As the identity I envisioned for Wiloh in my portfolio testifies (click on the image above), the brand was intended for an upmarket mass audience with a clean-cut image and offered a brand story in alignment with the environmental impact and sustainability narrative to which we are all now subject. The brand was intended to deliver casual and edgy street wear; not thrifty and bargain basement fashion but low cost, high value and ethical fashion for an affluent youth market across cultures.
The name Wiloh provided us with an opportunity to draw on and emphasise the sustainability aspects of the willow tree in a modern and contemporary way – and away from the potentially sinister association of willow trees of medieval folk lore. However, under the direction of a young and verifiable 'fashionista' art director Wiloh ventured into this darker side... and therein, I believe, lay its inevitable and ultimate demise.
Wiloh went 'dark' by not only literally abandoning colour almost entirely but also in subject matter. Instead of aiming at a mass audience where economies of scale would make the business model viable, an attempt to create a high-impact niche brand image by appealing to the novelty-hungry world of fashion, Wiloh went for street fashion in what looked to me like a pouty, punk-y and slightly smutty fit of youthful rebellion. More importantly, instead of committing to the 'Ecosocial' idea as a core message that would have provided a clear sense of purpose, eco-oriented issues and the sustainability narrative became peripheral and the brand-idea was marginalised in what appears to be lip-service environmental impact and sustainability concerns, limited almost exclusively to the production of t-shirts.
Wiloh only enjoyed a brief spell under the hyper trend conscious spotlight in (mostly) US-based online fashion media circles. Perhaps instead of spending valuable resource on what look to have been indulgent photographic shoots, resources were spent building, promoting and genuinely living the 'Ecosocial' idea the brand might have stood a good chance to carve out a unique place in a cluttered and noisy market.
Wiloh – Ecosocial Apparel, 2009-2011 – R.I.P.
Ashley House – Well-adapted brand-idea
Thursday, February 23, 2012
As part of the creative brand design stage for the Ashley House re-brand that I led for the Design Portfolio last year I conceived of brand-ideas to lead each of the three brand identity concept routes that I also designed and presented.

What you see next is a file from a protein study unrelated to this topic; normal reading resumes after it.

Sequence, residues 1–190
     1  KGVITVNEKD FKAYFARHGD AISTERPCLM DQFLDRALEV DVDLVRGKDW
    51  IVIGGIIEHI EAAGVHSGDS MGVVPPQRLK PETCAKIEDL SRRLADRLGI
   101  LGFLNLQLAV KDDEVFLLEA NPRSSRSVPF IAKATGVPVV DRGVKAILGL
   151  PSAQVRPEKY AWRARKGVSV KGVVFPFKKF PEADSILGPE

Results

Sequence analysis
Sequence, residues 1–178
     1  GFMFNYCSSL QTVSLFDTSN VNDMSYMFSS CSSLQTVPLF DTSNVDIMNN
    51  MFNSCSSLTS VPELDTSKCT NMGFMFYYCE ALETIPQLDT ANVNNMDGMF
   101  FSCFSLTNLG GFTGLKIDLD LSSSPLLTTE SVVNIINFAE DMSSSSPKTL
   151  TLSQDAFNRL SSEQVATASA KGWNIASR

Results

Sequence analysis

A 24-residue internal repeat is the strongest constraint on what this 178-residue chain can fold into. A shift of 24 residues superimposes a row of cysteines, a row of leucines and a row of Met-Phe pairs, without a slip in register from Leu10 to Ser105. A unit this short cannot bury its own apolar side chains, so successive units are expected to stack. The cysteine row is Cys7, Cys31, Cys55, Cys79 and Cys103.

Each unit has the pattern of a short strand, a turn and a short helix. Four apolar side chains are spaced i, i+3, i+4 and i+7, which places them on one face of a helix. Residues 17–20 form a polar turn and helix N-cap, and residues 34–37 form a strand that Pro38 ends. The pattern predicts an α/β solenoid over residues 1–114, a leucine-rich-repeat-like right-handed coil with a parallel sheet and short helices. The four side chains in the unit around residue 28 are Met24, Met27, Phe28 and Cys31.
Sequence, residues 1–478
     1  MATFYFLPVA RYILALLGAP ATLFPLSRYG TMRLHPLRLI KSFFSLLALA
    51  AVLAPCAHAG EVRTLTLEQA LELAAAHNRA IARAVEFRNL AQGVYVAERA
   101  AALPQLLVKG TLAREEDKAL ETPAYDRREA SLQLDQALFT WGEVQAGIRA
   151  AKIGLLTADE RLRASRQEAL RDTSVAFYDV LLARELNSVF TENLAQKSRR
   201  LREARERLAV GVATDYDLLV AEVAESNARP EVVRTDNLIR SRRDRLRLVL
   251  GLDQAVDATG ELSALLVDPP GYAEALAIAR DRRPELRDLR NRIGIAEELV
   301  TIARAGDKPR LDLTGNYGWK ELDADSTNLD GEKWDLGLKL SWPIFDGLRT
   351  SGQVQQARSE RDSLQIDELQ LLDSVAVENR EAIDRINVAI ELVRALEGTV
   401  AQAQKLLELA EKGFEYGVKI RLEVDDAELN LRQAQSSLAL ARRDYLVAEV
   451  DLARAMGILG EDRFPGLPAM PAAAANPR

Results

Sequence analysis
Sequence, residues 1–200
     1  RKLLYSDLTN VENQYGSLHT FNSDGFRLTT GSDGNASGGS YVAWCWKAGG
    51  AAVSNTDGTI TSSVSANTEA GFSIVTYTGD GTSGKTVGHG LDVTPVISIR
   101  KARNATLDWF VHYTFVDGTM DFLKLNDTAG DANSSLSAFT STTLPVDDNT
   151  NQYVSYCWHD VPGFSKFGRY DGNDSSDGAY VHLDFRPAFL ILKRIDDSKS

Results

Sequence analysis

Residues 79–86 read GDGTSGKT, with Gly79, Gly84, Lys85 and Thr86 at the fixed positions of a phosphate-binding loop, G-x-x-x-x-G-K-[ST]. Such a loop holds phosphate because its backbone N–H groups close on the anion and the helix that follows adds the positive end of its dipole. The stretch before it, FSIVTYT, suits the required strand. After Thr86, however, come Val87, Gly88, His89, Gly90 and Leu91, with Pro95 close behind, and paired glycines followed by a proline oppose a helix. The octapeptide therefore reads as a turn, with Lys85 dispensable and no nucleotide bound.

Brand-ideas are creative translations of the brand strategy distilled into a single idea. They are useful in determining a brand experience made up of various related and interdependent brand-marks. Brand-ideas are the conceptual 'engines' of brand experiences and can be presented in various ways. Often they are behind-the-scenes only and for the benefit of brand managers to understand what the brand stands for on an implicit level. Brand-ideas help brand managers to keep messages on-brand. Sometimes brand-ideas are expressed directly as a public facing brandline but this is rare.
'Well-adapted' is the brand-idea behind the new Ashley House brand identity. It's an interpretation of the evolving nature of the business and reflects well the primary reason for the re-brand, which is to transform the organisation at a fundamental level and in order for it to become a fully-fledged brand-led business. Not only does the idea invoke evolutionary adaptations of systems, organisations and technologies but the secondary meaning of 'adapted to wellness' is particularly suited to health and community property services.
As an extension of the 'well-adapted' brand-idea I conceived of a directly relevant formula: 'adaptive = resilient = sustainable = enduring'. This brought me to the brandline 'enduring properties', which has the added benefit of the double meaning and can be applied to include everything the brand is and does. I particularly liked the idea of the employees of Ashley House and of the employees of the organisations working in the built properties demonstrating 'enduring properties' (as shown in the brand identity section of my portfolio). To see the chosen brand identity as presented to the client click on either of the images above and then select 'identity' in the menu on the right.
Unfortunately, beyond my involvement in the project, the brandline 'enduring properties' was eventually ruled out because of – what I considered at the time to be – a minor and ultimately ignorable negative connotation ie. to be forced to endure something. Given the overall presentation of the brand identity, I believe this is too big a compromise to an otherwise very strong brand story where all the various types of marks that make up the brand are intrinsiclly connected.
Instead, 'understanding property' was chosen as the official brandline. Although relevant and quite clever the double meaning isn't overt and there is no direct connection to the brand-idea 'well-adapted', and therefore also no obvious connection to any of the other Ashley House brand-marks.
In combination with the understated and conservative nature of the 'understanding property' brandline and the fact that no brandline is currently in use the brand-idea 'well-adapted' risks being forgotten and remembered only as a way of justifying the chosen identity, which I believe is likely to be at the expense of the entire brand experience and therefore of the long term brand identity Ashley House is intending to establish.